Ausmus' comment, of course, was said in jest, but the larger point remains. The Tigers may be in unfamiliar territory in the basement of the American League Central, with rumors of their manager's impending dismissal swirling, but that changes nothing with regard to the attitude of the team and what it wishes to accomplish each day.
"We're playing to win," Ausmus said. "We've got a lot of guys in there who don't like losing. The Tigers have been fortunate with the last four division titles that we haven't had a season like this since '08. It's happening, so we'll deal with it, but we're still trying to go out and win."
That said, these potential final 22 games -- if Saturday's game does get made up -- can still serve a long-term purpose for the club, insofar as their place in the standings allows the club to play some younger players in an effort to see what they might bring to the big league club moving forward.
Power-hitting outfielder Steven Moya, for example, was going to receive his first Major League start on Saturday before the rainout, batting seventh and playing left field.
Moya had a big season last year, slugging 35 homers for Double-A Erie, but didn't transition as smoothly to Triple-A Toledo, where he hit .240 and hit 20 homers in 126 games this year.
Then again, Triple-A numbers don't always tell the whole story. For example, Tyler Collins and Bryan Holaday have both, albeit in limited samples, hit for more power during their 2015 stints in the Majors than they displayed in the Minor Leagues. You just can't tell exactly what you're working with in a player until you see them at the big league level.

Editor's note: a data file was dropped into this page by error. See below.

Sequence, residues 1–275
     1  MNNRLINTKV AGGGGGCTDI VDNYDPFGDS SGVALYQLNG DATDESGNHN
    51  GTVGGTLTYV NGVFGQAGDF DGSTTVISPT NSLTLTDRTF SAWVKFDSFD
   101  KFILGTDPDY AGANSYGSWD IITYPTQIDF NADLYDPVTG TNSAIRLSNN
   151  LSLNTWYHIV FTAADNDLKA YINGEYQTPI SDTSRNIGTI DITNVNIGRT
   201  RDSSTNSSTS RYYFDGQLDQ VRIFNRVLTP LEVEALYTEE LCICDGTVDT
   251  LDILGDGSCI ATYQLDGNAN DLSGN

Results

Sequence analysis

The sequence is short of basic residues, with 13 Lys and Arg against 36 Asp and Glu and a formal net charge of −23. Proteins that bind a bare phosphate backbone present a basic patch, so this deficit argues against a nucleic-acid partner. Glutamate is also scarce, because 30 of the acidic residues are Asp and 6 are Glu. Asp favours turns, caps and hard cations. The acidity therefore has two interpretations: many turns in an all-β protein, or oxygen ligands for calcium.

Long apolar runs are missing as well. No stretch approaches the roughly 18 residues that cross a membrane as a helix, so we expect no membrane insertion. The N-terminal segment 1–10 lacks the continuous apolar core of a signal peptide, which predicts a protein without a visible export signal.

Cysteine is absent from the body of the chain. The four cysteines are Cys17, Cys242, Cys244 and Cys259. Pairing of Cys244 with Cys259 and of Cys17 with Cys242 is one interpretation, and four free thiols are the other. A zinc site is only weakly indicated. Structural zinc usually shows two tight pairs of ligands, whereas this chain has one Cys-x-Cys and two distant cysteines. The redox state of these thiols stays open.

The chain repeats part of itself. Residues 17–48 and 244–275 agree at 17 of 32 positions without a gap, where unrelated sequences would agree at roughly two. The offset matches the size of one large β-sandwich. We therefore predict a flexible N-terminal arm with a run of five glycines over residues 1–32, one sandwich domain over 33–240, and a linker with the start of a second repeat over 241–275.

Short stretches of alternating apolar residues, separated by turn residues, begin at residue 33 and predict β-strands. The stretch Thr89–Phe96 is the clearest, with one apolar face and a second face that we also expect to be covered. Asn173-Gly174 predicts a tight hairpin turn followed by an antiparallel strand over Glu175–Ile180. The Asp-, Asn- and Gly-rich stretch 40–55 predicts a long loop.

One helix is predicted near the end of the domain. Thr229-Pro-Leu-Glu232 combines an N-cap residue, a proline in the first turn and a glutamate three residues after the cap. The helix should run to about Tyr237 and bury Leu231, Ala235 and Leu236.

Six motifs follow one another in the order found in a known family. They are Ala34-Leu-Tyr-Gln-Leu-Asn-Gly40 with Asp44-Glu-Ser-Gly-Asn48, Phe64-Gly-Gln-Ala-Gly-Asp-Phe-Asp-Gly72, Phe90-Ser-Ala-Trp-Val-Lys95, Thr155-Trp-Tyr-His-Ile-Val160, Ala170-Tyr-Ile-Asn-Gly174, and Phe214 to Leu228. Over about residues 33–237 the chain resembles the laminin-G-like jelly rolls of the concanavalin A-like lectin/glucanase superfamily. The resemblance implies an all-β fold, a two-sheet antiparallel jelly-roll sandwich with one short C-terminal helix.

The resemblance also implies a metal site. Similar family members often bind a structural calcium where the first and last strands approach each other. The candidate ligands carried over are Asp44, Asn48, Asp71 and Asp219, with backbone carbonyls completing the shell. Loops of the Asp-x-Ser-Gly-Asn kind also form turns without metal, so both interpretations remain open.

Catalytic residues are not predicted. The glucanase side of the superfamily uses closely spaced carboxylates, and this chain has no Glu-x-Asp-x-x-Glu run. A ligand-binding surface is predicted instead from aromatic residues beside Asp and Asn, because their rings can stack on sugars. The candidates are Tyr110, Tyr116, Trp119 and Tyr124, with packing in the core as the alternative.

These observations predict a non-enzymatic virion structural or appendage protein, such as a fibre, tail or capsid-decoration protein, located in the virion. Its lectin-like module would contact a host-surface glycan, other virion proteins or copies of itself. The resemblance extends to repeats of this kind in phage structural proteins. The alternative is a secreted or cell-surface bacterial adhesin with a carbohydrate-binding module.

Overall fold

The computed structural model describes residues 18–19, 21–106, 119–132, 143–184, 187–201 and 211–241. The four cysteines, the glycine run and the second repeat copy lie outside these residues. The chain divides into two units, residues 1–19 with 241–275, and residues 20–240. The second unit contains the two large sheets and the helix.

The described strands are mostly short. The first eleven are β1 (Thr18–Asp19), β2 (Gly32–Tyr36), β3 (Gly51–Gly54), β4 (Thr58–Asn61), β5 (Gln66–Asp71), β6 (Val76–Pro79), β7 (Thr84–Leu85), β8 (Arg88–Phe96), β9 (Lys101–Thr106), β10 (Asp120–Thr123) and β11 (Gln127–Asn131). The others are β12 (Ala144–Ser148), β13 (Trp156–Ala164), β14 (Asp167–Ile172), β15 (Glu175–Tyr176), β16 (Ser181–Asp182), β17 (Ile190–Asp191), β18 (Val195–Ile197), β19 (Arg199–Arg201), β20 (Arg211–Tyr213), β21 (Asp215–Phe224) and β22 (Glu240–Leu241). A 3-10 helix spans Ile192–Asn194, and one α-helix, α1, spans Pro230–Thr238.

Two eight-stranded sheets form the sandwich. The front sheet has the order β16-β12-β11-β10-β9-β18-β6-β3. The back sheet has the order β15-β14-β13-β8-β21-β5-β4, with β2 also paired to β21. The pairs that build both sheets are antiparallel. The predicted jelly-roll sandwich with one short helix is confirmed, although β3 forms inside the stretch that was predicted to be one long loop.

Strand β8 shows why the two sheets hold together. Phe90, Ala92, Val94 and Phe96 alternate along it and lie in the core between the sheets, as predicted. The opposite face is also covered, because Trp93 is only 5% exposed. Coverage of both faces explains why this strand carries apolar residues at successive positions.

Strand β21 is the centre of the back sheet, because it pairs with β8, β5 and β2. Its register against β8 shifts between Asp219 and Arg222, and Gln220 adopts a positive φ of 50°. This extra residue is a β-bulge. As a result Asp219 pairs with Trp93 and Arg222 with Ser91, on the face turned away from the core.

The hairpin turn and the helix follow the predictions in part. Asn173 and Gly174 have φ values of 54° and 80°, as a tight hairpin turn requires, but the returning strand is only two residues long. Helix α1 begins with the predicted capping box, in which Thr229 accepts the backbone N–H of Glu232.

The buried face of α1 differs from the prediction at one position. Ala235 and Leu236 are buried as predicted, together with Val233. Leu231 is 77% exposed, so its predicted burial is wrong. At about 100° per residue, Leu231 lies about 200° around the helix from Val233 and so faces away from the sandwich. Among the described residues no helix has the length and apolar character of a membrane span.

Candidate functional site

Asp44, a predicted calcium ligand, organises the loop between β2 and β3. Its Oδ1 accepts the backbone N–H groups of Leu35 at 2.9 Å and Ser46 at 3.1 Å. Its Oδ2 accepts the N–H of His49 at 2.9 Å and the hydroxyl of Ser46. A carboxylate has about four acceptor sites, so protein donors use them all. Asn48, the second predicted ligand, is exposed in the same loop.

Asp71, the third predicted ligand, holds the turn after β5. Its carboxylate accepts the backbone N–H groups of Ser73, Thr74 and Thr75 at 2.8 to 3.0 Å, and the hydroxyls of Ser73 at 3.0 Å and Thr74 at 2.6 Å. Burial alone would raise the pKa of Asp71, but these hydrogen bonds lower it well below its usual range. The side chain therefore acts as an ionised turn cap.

"The brighter the lights, the more they concentrate, the better they are," Ausmus said of some players who make the Major League jump look easier than expected. "Kind of like geniuses in school who don't get challenged. You've got to send them to a school that's a little more challenging to get the most out of them."
For Moya and others, these final 22 games serve as an audition.
"The truth is, you have to see them play over a long period of time to find out what type of player they are," Ausmus said. "It's difficult to predict it. Sometimes you think you see it and it fades, sometimes you don't see it and the guy becomes a tremendous player. You just don't know."
August Fagerstrom is an associate reporter for MLB.com.